A CBC Report made waves Sunday night by claiming to have inside information about the projected date the Liberals are expected to present legislation in parliament: April 10 of this year. The article also claimed the new legislation will ‘make the sale of marijuana legal by July 1, 2018’.
The article also goes on to offer ‘insight’ into the the details of the proposed legislation, although the bulk of it is simply reiterations of well known task force recommendations from last December—namely a four plant limit for personal production and an age limit of 18 or 19, provinces managing distribution etc. Anyone who has paid any attention to this subject or actually read the task force report is well familiar with these suggestions.
This, predictably, triggered a cascade of articles repeating a myriad of variations of this information, but it’s important to note that the information is all based on one single claim of an inside source. No official confirmation from the government has been made. It’s also important to note that the projected date of legal marijuana sales on July 1, 2018 can be considered a target date, but the process of passing legislation through Canada’s parliament is unpredictable.
Though in a recent interview, legalization point man Bill Blair called these dates ‘highly speculative’.
"I have not discussed with anyone the date at which the legislation may be brought forward, except to say that our government has made a commitment to bring legislation forward in the spring of 2017, and that's all I've said to anyone on the subject," Blair said.
“And with respect to when it might be enacted, I have to tell you, that’s highly speculative. I recognize that in order for this to be done right, we have to bring these regulations before Parliament. They will be the subject of vigorous debate in Parliament, I am certain. It will then go—assuming it gets through the first stages of Parliament—before committee. The committee will hear from experts and collect evidence and report back to Parliament before Parliament makes a decision. There’s also the important process that will take place in the other place, in the senate. We respect those processes and that they will take as much time as they take.”
Blair also goes on to mention the importance of the provinces, territories and municipalities in this process, one more step in ensuring a fully functional legalization system.
For legislation to become law in Canada, it must pass through the House of Commons and Senate, three readings, and debate, before royal assent. This process could take several months or more, especially with house not sitting in July and August. If the Liberals introduce something in the early spring, it could be debated and passed before the summer break, but it’s also possible that the debate will continue on into the fall or even winter session.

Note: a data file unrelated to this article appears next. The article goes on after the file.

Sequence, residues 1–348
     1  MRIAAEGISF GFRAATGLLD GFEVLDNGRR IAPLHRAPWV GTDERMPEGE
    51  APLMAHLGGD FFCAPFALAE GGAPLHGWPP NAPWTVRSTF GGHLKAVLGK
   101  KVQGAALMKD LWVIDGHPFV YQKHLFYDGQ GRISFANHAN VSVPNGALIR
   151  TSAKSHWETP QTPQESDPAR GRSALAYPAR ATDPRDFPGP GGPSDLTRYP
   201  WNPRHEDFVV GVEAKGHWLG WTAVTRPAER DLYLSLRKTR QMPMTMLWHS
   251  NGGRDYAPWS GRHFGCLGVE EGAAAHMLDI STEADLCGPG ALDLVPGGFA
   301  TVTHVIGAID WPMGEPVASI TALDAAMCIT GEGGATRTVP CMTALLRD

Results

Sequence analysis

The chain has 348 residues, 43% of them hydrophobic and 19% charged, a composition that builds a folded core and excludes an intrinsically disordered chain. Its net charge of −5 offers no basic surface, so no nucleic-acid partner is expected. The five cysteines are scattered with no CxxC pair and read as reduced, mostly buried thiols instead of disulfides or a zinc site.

While the Liberals have a majority in the House of Commons, the Conservatives hold the most seats in the upper chamber in the Senate. The 105 seats in the Senate are currently dominated by 40 Conservative Party senators. Another 35 are part of an independent senators group, 19 part of ‘Independent Liberals’ and seven non-affiliated seats. Four seats are currently vacant.
The Independent Liberals, or the Senate Liberal Caucus or Senate Independent Liberal Caucus, are independent Liberal senators. Senate Liberals were part of the parliamentary Liberal Party caucus until January 2014 when Justin Trudeau removed all Senators from the caucus with the purpose of their becoming independent. The independent senators still sit as a group and refer to themselves as the Senate Liberal Caucus.
Conservatives in the Senate have already been making hay out of the Liberals’ legalization plans, citing concerns with drug impaired driving, access to children, and more. The debate in Senate has the potential to drag on for a long time. In addition, opposition parties in the House of Commons like the NDP and CPC have an interest in dragging the debate out if they can frame it to voters as the Liberals’ fault.
The NDP, for their part, have been pressing the Liberals to hurry up and table legislation, calling for immediate decriminalization. Last June, the NDP introduced a bill calling for the immediate decriminalization of personal possession in Canada as part of an Opposition Day motion. If the NDP want to use the debate in the House of Commons to press their point of decriminalization, and the Liberals continue to resist this suggestion, that could also drag the debate out further.
None of that is to say this is a certainly. The path from legislation to bill can be very different depending on the bill and issue, and it is certainly possible all the parties will work through the proposed legislation and it will be passed and implemented by July 1, 2018. But it’s important to remember that no single party can control that process, and it’s far more likely that the fine tuning of this momentous legislation will take many years to complete.